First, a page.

Summary: Researchers have been able to restore limb mobility and partially reinsulate neurons in mouse models of MS with microRNA treatments.
Source: Cincinnati Children’s Hospital Medical Center.
Study sheds light on possible therapeutic approach for neurodegenerative disease.
Scientists partially re-insulated ravaged nerves in mouse models of multiple sclerosis (MS) and restored limb mobility by treating the animals with a small non-coding RNA called a microRNA.
In a study published online March 27 in Developmental Cell, researchers at Cincinnati Children’s Hospital Medical Center report that treatment with a microRNA called miR-219 restarted production of a substance called myelin in nerves of the central nervous system. Myelin forms a protective sheath around nerves, allowing them to efficiently transmit electrical impulses that stimulate movement.
Study authors administered miR-219 into the spinal columns and cerebrospinal fluid of mice with nerve coatings damaged by a chemical called lysolecithin or by autoimmune encephalomyelitis induced in the animals, which is used to model MS. Treatment with miR-219 reinvigorated the function of damaged cells called oligodendrocytes that produce myelin, which allowed the substance to reform and reinsulate nerves.
“We show that miR-219 targets multiple processes that inhibit myelin formation after nerve injury by the disease process, and that treatment with this microRNA partially restores myelination and limb function,” said Q. Richard Lu, PhD, lead investigator and scientific director of the Brain Tumor Center at Cincinnati Children’s. “It is conceivable that augmenting miR-219 treatment with other blockers of myelin regrowth may provide a multipoint treatment strategy for people with demyelinating diseases like MS.”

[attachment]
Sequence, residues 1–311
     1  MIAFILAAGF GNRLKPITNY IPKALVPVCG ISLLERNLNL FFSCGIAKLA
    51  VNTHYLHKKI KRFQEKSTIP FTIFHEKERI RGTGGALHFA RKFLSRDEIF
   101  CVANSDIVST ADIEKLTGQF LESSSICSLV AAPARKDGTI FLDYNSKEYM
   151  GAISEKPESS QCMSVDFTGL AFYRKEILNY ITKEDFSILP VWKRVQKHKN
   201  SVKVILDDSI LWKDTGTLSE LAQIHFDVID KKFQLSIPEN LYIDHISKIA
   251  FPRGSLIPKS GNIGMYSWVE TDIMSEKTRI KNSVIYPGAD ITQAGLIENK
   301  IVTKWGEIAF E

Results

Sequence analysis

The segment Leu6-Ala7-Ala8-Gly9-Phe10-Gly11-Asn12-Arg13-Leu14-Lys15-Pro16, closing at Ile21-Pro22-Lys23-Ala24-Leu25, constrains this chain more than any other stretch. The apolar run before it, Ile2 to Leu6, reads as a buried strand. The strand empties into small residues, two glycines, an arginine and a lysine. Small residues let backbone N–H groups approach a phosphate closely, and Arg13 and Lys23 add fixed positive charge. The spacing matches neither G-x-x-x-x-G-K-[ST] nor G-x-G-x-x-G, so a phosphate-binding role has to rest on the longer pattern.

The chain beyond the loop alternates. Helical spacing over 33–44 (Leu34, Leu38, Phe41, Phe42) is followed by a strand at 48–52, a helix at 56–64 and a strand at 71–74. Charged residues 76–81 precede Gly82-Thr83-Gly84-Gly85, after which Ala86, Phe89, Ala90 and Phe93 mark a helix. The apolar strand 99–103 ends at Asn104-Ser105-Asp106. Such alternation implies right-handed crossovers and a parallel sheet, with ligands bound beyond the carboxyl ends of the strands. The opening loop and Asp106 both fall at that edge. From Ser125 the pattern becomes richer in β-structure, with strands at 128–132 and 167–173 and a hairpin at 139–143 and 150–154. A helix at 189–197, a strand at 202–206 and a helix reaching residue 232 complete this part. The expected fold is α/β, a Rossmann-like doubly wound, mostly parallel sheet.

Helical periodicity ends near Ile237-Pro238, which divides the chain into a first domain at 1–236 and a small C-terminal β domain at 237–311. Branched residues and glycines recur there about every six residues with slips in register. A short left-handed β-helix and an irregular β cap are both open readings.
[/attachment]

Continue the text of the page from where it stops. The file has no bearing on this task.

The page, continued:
The authors stress that because their study was conducted in laboratory mouse models of disease, their data cannot at this stage be applied to clinical treatment in humans.
Lu’s laboratory studies how certain glial cell subtypes of the central and peripheral nervous system form, participate in regeneration and how they can transform into cancerous cells.
MicroRNAs are short segments of RNA encoded on the chromosomes of cells. They regulate gene expression in cells by acting as molecular silencers, essentially blocking gene expression in certain situations.
A number of earlier research papers have pointed to the absence of miR-219 in the damaged nerves and tissues with certain neurodegenerative diseases like multiple sclerosis.
Lu and his colleagues tested the presence and effects of miR-219 in genetically-engineered mouse models of MS with chemically induced nerve coating damage by lysolecithin and autoimmune encephalomyelitis. They also deleted miR-219 in mice to test the impact this had on myelin-forming oligodendrocyte cells.
The absence of miR-219 allowed a surge of activity by several inhibitors of nerve re-myelination – including a protein called Lingo1. Further testing revealed that miR-219 is an essential part of a network that targets and blocks molecules that inhibit the ability of oligodendrocytes to form myelin.
This prompted the researchers to test treatment with miR-219 in their animal models. For this they used a miR-219 mimic – essentially a synthesized version of the microRNA. After administering the mimic to their mouse models, the researchers noted improved limb function and regeneration of the myelin coating on nerves.
Lu and his colleagues are now trying to develop additional mimics of miR-219 and therapeutically effective formulations of the microRNA to ease its delivery – particularly into brain tissue. The researchers also continue to test the potential effectiveness of miR-219 treatment in different models of neurodegenerative disease.
About this multiple sclerosis research article